Tony Blair doubts Labour can be ‘taken back by moderates’


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Media captionBlair: It’s a different Labour Party

Tony Blair says he is “not sure it is possible” for Labour “moderates” to take the party back from the left.

The former Labour leader told the BBC’s Nick Robinson Labour had been through a “profound change” under Jeremy Corbyn.

“It is a different type of Labour Party. Can it be taken back? I don’t know,” he said.

He said the British people would never elect Mr Corbyn as prime minister and hinted at the emergence of a new “progressive, moderate” party.

Speaking on Nick Robinson’s Political Thinking Podcast, Mr Blair said: “I don’t think the British people will tolerate a situation where, for example, the choice at the next election is Boris Johnson versus Jeremy Corbyn.

“I don’t know what will happen and I don’t know how it will happen.

“But I just don’t believe people will find that, in the country as a whole, an acceptable choice. Something will fill that vacuum.”

He said there was a large constituency of voters who backed “socially liberal, progressive” politics but also believed in “a strong private enterprise sector alongside a state that is capable of helping people”.

Mr Blair’s name has been linked with the formation of a new “centre ground” party, although he has never publicly backed the idea.

And the former prime minister told Nick Robinson he was not as pessimistic as some of the people around him about the chances of his wing of the party regaining control of Labour.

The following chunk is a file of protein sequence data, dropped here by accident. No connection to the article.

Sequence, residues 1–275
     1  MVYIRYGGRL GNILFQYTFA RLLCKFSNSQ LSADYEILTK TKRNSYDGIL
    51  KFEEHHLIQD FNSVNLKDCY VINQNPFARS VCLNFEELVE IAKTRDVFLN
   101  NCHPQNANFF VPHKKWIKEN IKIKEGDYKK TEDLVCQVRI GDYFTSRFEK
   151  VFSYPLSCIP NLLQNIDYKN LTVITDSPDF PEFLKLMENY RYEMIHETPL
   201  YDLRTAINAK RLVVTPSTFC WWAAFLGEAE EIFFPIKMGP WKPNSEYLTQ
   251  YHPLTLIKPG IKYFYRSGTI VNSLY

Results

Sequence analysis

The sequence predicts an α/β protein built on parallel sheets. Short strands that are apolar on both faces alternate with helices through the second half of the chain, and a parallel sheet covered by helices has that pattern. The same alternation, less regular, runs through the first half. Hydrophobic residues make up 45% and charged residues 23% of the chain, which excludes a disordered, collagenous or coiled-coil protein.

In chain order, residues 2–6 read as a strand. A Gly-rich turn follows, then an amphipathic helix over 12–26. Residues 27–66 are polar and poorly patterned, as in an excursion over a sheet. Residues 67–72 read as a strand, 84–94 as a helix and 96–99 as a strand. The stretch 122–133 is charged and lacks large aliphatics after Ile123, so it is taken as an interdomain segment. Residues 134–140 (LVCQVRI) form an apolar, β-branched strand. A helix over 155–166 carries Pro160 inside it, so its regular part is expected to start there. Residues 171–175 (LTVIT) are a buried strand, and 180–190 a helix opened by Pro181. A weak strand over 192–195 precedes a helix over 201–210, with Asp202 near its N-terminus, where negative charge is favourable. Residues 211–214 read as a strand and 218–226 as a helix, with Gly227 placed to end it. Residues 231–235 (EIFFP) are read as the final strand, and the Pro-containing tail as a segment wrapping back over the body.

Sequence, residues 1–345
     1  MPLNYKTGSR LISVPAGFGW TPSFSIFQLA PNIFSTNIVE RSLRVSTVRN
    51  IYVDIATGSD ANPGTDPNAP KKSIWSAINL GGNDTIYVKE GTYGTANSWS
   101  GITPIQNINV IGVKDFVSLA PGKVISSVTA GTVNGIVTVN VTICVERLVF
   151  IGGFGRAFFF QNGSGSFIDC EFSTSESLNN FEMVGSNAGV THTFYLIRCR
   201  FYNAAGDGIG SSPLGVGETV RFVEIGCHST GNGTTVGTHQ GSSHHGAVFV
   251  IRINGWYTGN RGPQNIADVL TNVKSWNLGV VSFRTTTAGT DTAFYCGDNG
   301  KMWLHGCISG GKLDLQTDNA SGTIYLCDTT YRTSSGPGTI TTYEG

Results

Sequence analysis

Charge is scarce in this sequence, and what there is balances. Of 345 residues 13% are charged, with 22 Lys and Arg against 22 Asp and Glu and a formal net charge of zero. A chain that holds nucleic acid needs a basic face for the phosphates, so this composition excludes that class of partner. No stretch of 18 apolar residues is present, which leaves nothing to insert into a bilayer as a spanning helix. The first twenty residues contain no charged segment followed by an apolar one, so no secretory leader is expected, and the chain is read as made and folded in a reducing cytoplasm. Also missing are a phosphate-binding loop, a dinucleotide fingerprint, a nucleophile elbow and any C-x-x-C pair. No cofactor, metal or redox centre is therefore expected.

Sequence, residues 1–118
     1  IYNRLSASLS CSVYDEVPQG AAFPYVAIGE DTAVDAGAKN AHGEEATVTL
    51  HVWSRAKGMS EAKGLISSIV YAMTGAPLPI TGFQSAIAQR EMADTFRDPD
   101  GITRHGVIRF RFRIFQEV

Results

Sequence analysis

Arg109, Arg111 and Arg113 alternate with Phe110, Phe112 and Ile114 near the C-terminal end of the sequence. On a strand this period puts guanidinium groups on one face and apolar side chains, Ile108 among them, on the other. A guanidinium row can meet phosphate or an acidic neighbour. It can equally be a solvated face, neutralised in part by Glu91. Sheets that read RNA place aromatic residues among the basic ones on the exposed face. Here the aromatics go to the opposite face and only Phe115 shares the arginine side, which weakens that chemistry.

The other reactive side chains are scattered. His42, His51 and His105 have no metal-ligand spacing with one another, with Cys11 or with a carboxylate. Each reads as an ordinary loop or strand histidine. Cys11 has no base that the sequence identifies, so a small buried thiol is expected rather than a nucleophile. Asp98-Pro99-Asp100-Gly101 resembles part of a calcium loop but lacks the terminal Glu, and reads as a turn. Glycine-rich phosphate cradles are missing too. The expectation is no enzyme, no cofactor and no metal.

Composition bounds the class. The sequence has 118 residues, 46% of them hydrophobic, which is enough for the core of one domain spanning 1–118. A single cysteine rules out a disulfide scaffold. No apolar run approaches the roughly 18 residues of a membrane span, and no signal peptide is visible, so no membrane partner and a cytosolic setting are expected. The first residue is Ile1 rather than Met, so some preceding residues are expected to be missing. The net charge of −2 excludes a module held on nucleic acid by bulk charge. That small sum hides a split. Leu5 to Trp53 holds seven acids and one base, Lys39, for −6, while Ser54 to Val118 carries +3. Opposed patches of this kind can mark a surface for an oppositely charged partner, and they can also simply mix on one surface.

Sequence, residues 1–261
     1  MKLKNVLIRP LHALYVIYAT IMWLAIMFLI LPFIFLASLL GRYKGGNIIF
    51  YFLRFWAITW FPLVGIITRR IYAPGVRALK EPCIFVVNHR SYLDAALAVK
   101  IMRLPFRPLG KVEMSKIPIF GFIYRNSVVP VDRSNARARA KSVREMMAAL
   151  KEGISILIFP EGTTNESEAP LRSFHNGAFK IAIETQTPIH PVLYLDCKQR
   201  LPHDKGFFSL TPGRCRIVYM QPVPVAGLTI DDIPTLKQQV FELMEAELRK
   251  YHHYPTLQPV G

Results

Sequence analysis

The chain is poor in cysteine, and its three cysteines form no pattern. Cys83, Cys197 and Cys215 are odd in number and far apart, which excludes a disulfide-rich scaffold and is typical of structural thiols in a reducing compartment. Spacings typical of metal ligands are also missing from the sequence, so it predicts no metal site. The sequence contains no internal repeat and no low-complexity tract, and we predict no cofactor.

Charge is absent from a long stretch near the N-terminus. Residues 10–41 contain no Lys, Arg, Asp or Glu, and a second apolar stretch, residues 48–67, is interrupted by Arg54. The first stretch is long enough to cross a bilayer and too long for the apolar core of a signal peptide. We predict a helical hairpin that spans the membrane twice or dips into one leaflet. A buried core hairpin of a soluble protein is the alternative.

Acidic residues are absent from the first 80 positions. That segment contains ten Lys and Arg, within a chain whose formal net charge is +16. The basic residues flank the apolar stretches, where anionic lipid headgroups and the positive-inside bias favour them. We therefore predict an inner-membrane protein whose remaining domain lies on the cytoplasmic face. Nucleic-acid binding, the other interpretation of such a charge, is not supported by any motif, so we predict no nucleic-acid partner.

“There [are] lots of people associated with me who feel that the Labour Party is lost, that the game’s over,” he said.

“I am hoping they are not right.”

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But he said the anti-Semitism row that had engulfed the party was “bad because it has been, in the end, something that I just can’t imagine ever having happened in the Labour Party that I joined”.

“I can’t imagine that we have had three to four months debating over something where we have profoundly insulted the Jewish community in our country,” Mr Blair said.


He said the current Labour leadership came from a left-wing tradition opposed to Western foreign policy. Those belonging to that tradition had always been “on the margins” of the party or in a different party, such as the Communists or “Trotskyist groups”, he added.

And he rejected comparisons to the early 1980s, when left-winger Michael Foot, who was against EU membership and nuclear weapons and in favour of nationalising industry, was Labour leader.

He said Mr Foot was not as left wing as Mr Corbyn and had tried to expel members of the left-wing Militant Tendency from the party.

Mr Blair is a persistent critic of Mr Corbyn’s leadership and warned in 2015 the Labour Party risked “annihilation” if he became leader.

Last year he told the BBC he accepted it was “possible” that Mr Corbyn could become prime minister, in the wake of the 2017 snap election in which Labour defied predictions of a heavy defeat and stripped the Conservatives of their majority.

Under Mr Corbyn’s leadership, party membership has swelled from 388,000 at the end of 2015, to a reported 540,000 as of April 2018.

The BBC’s deputy political editor Norman Smith said Mr Blair’s warning that it may not be possible to take back control of the party was “likely to compound the sense of gloom among Labour MPs”.

“Such criticism is certain to infuriate some Corbyn supporters – others may even welcome Mr Blair’s remarks as evidence that Mr Corbyn does indeed lead a very different Labour Party,” he added.